City of Mountlake Terrace public works employees continued to stay busy keeping the city’s primary travel routes passable, as fresh snow fell Wednesday night into Thursday and frigid temperatures persisted in the Puget Sound region.
Once again, the city’s plows initially focused on maintaining arterials and primary routes before turning their focus to side streets. Sanding that will help break up the compacted snow and de-icing are ongoing as needed. Staff noted that the weather forecast calls for a return to rain and asked residents who notice local flooding to keep storm drains and grates clear for snowmelt.
Public Works Director Eric LaFrance said that as of Thursday afternoon, “We estimate that we have gotten to 75% of the roads,” which is around 50 lane miles, and “each one of those roads has been visited multiple times.”
“We have used 120 tons of sand and 60 tons of salt” so far this week, he added.
Public safety agencies are continuing to urge that drivers use caution when traveling on the snow and ice.
Recommendations include checking road and traffic conditions before leaving, slowing down and allowing for more travel time, removing snow from the vehicle before driving and also packing an emergency car kit. Those kits should include blankets, a flashlight, first aid kit, mobile phone charger, high-calorie nonperishable food, batteries, a candle to melt snow for drinking water, shovel, scraper, a sack of sand or cat litter that can be used for traction if a vehicle becomes stuck and battery booster cables.
The Mountlake Terrace Police Department is asking drivers to slow down, be aware of dramatically increased stopping distances, apply brakes carefully and treat all intersections without power as four-way stops by not assuming that other vehicles will be able to stop.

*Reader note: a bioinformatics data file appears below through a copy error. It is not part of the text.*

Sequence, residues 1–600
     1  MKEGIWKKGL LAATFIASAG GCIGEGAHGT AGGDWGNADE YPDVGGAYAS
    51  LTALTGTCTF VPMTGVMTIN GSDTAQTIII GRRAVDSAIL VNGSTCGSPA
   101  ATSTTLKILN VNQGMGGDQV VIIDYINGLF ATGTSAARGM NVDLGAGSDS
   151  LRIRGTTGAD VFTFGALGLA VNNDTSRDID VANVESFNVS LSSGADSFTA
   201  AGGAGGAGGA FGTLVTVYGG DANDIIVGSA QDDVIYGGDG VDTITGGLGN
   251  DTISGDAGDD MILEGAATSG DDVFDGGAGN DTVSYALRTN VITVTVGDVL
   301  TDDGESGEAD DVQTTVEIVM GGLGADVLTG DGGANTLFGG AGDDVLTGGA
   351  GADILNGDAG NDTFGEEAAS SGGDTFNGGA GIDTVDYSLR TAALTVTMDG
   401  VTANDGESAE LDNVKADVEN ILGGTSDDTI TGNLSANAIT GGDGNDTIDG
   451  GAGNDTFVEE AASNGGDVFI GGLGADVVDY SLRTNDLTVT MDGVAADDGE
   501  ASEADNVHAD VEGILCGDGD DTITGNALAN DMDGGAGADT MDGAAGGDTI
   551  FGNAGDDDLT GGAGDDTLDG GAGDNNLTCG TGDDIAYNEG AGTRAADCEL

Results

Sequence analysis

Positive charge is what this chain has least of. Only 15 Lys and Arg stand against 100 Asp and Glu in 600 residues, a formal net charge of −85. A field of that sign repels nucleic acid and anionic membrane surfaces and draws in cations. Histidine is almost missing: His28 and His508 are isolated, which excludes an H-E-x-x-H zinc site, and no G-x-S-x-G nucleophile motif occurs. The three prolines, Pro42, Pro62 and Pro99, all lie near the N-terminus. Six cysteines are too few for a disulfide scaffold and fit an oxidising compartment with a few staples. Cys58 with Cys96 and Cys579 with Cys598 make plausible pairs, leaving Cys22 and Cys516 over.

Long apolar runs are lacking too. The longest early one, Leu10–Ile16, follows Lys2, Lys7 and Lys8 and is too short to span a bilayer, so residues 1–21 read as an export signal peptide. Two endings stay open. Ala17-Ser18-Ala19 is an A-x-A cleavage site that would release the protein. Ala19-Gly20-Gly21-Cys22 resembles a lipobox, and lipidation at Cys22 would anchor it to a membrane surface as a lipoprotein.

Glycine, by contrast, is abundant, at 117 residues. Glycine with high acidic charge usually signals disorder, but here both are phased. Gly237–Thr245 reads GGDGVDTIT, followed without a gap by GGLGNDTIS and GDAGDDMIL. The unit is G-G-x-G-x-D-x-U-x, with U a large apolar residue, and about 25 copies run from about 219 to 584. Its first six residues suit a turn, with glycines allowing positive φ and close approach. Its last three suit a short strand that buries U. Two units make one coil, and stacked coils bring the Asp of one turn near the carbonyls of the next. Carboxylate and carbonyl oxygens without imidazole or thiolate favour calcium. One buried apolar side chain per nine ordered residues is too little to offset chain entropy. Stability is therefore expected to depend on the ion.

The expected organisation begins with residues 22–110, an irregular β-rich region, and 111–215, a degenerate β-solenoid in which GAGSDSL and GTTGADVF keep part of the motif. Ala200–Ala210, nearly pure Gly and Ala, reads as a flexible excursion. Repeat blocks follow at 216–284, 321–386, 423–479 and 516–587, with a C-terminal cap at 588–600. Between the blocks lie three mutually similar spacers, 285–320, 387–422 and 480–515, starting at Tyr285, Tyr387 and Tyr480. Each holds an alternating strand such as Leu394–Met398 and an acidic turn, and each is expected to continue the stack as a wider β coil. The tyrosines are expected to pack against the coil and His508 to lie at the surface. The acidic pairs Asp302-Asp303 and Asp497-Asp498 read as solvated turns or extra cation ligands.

The snowmelt from today is expected to refreeze tonight.
Chief Pete Caw cautioned people to be aware of the dangers of black ice, which forms following a thaw then refreeze. He added, “We find speed a factor in most collisions during snow events.”
Snohomish County Public Works road maintenance crews will continue to plow, sand and salt 24/7 into the weekend. As of Thursday, the department noted that staff have plowed 50,000 miles of road since the snow started falling last weekend.
Crews initially focus during the snowfall on keeping primary routes clear for first responders. Once the snow stops, they can begin clearing secondary and tertiary routes when possible.
The county’s prioritization of snow and ice routes is based on traffic volume, transit and school bus routes, terrain, and knowledge of problem areas. Public calls requesting service for road plowing are recorded but will not impact the priority listing during snow and ice events.
Before heading out during a snow or ice event it is highly recommended that commuters check their travel routes and options. Those venturing through unincorporated Snohomish County can visit the department’s Snow and Ice webpage for road closure information, transit services and more. In addition, the snow removal and anti-icing map shows which routes are primary and secondary and allows residents to see what county roads have been recently plowed, sanded, or had anti-icing applied.
State routes and highways are maintained by the Washington State Department of Transportation (WSDOT). The status of those roadways are not reflected on the Snohomish County road closure webpage. For more information call 511 or visit WSDOT’s website.